Tune in to this installment of Modulate Demodulate as Darren O'Connor joins Chris C., Nick,
The software freeRouter is a total sleeper in the world of routing software, however don't be fooled by its unassuming looks! FreeRouter is a FOSS router that supports an astounding number of network protocols. I want to show you how to get started using this fantastic software, however, I don't want to go too deep into what freeRouter is, as the freeRouter website does a good job explaining it. Additionally, Nick Buraglio has written about the tool, has many example configs, and recently hosted a Software Gone Wild episode with the creator of freeRouter. If you aren't already up to speed with what freeRouter is, check out those links and come back here.
Okay, you're back? Good. Now that you are all aboard the freeRouter hype train, let's figure out how to get this beast up and running so we can use it—I ran into a few bumps getting it spun up, and the documentation is on the sparse side of things so I am documenting what worked for me in this post. To keep things simple, I just spun up a VM on my Proxmox host with a single network interface and turned that into a template that I can use to spin up multiple instances. Read along to find out how you too can have your own freeRouter!
First things first, you need to get your hands on freeRouter. Since freeRouter is FOSS, it's easy to acquire, and the creator, Csaba Mate, has made it available in numerous ways, each having a few caveats. I started off by using the ISO, however, I ultimately changed away from the ISO as it doesn't have an installer as far as I can tell and seems to be intended for cloning to a disk using DD. If you do go down the route of using the ISO, be aware that when you save your config, (duh, Chris, it's presented as a CD-ROM) it doesn't seem to actually go anywhere even though it says it was saved. This will make for a nice surprise when you reboot the router and find that it's back to its default state.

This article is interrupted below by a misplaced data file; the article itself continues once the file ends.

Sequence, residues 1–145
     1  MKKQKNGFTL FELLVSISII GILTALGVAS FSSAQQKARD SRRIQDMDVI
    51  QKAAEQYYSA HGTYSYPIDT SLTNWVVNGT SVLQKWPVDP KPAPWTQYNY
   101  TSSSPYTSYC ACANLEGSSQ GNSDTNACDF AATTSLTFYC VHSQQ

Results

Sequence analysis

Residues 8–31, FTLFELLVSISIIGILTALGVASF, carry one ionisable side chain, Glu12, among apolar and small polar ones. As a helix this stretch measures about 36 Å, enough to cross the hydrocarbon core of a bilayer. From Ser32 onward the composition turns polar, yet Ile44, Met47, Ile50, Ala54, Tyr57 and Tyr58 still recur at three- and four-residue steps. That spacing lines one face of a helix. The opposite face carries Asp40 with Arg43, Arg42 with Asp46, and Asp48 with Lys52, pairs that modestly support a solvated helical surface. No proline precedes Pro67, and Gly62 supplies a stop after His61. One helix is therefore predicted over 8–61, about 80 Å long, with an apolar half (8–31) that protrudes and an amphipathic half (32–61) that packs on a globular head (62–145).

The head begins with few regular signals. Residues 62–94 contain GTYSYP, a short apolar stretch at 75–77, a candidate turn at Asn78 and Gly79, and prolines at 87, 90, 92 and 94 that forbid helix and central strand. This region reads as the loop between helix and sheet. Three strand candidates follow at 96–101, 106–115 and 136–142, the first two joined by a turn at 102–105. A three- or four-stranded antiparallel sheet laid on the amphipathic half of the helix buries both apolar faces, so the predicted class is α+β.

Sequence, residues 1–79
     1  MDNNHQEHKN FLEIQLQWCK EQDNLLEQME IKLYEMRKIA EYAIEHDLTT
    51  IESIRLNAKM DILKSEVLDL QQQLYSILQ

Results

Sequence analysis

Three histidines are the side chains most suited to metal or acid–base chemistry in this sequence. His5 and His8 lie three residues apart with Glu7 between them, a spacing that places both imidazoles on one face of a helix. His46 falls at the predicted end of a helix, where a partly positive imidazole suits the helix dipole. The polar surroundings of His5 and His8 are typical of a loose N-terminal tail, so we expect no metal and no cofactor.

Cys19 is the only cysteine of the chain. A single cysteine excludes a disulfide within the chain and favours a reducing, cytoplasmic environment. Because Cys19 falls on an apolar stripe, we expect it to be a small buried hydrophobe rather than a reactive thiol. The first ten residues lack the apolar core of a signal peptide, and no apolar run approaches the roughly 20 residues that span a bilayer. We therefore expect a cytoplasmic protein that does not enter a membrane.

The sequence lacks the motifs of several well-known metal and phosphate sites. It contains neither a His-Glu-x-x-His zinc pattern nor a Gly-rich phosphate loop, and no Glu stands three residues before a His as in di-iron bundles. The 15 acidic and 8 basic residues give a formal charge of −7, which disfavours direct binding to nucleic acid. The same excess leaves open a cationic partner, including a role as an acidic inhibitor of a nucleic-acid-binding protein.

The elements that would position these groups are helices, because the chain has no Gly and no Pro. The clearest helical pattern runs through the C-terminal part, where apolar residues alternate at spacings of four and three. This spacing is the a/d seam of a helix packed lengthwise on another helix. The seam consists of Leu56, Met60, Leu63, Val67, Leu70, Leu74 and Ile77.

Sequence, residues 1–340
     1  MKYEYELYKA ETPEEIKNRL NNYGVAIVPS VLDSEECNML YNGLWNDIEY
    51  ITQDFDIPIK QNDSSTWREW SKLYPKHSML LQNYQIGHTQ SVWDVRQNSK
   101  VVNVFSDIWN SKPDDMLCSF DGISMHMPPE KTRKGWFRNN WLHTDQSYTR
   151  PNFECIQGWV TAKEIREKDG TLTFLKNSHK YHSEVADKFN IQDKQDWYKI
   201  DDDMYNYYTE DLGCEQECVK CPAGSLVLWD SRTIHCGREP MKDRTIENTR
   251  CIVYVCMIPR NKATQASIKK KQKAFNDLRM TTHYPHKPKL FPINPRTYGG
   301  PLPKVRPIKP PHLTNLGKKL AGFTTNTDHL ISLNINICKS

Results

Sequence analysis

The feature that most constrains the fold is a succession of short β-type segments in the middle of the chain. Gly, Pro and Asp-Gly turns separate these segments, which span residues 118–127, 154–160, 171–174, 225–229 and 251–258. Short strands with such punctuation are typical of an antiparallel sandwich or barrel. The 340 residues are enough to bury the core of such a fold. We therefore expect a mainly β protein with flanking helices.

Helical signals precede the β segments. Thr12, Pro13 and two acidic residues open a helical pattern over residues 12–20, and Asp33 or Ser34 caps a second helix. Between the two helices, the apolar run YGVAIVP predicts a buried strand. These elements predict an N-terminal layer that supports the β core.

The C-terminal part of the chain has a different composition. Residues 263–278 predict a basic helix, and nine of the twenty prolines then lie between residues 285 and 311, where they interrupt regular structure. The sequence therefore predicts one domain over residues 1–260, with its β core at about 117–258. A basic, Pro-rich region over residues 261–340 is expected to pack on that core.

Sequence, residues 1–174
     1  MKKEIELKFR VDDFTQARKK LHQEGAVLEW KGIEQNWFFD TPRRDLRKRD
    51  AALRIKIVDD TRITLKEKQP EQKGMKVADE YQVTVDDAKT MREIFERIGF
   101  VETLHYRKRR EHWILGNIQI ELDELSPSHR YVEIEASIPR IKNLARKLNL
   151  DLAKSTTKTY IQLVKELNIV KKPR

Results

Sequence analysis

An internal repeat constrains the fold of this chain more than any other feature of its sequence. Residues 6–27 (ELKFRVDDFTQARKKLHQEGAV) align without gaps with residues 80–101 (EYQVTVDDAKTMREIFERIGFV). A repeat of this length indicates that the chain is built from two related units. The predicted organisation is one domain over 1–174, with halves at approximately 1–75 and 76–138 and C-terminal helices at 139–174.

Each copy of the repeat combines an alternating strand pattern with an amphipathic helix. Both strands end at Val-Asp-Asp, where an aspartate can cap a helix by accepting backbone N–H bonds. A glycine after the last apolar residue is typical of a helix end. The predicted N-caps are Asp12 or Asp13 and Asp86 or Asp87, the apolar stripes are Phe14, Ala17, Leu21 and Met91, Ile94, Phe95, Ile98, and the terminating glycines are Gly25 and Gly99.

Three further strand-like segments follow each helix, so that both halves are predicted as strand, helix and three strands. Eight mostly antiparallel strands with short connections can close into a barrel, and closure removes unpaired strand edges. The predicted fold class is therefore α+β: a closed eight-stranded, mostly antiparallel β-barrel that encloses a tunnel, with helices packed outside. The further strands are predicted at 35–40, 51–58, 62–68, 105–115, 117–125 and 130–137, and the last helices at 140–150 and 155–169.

Since the ISO didn't quite fit my needs, I was going to convert the ISO to a read/write .qcow2 image for Proxmox and just attach that to a VM, however, Csaba has already done that for us and provided a downloadable QEMU disk image (as well as other formats)! With your fresh QEMU disk in hand, you are ready to go and start configuring your base VM!
Creating a Basic freeRouter VM
The hardware requirements are very minimal, but one thing that tripped me up was that freeRouter expects a serial port and by default cannot work over a standard VGA-style display. Other than that one quirk, I was able to get the VM working with mostly default settings using the Proxmox "Create VM" wizard. Here are my initial settings after running the wizard:
Since the Proxmox new VM wizard doesn't let you create a VM without a disk, you can go ahead and delete the disk that was created automatically by clicking on the disk, clicking
detach and then clicking